Australian minister Dutton is 'an out-and-out racist'

2018-03-16 08:19
Australian Immigration Minister Peter Dutton. (AFP File)

Australian Immigration Minister Peter Dutton. (AFP File)

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Cape Town - A political storm has erupted in Australia over comments by home affairs minister Peter Dutton that the country would welcome white South African farmers.

Dutton recently said white farmers are facing "horrific circumstances" of land seizures and violence in South Africa and wanted his department to investigate bringing them to Australia, The Guardian reported.

READ: Australian home affairs minister to consider fast-tracking visas for white South African farmers

However, Greens leader, Senator Richard Di Natale, has hit out at Dutton and labelled him a racist, according to an ABC News report.

"There's no debate as far as I'm concerned, the bloke is an out-and-out racist," said Di Natale.

"According to Peter Dutton, if you're a white South African farmer you are going to make a great contribution, you're not going to bludge on welfare. But if you're not white, you won't do any of those things," Di Natale was quoted as saying.

But Dutton isn't alone in his views.

West Australian Liberals have been pushing to "resettle persecuted minorities" in SA and Zimbabwe and in 2017 passed a motion calling on the federal government to move ahead with the plan.

Politician Ian Goodenough says that white South Africans would integrate well into Australian culture and bring relevant skills to the country, ABC News reported.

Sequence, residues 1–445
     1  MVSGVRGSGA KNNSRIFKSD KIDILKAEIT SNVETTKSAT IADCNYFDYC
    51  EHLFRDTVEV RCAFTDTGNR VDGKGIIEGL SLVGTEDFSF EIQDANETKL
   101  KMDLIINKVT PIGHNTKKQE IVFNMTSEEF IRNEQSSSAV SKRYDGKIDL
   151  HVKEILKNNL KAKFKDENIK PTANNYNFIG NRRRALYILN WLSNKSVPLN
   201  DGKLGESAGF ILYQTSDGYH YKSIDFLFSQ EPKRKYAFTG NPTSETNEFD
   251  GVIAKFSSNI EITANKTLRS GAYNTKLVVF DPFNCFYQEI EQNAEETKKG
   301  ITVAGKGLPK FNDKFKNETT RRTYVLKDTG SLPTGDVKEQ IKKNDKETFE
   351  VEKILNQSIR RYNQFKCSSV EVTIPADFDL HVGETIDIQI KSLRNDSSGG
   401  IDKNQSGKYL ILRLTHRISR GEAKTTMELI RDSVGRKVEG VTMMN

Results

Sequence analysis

Queensland Liberal MP Andrew Laming has labelled white farmers as "refugees".

READ: SA govt criticises Australia's response to land debate

Di Natale argued that giving people preferential treatment based on skin colour was tantamount to a racist policy.

"This is not a dog whistle, it's a fog horn," he said.

Dutton, in making his suggestion, said that South African white farmers could benefit from a "civilised country" like Australia.

The South African government's Department of International Relations and Co-operation said it was "engaging" with the Australian government on the issue.

Minister Lindiwe Sisulu on Thursday issued a diplomatic demarche - or course of action - to Australian High Commissioner in SA Adam McCarthy, to demand a retraction of the comments made by Dutton.

READ: Sisulu demands retraction from Australian government

Prime Minister Malcolm Turnbull has, for the moment, declined to join the debate, insisting that Australia has a "non-discriminatory humanitarian programme".

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Read more on:    farm attacks  |  land expropriation  |  racism
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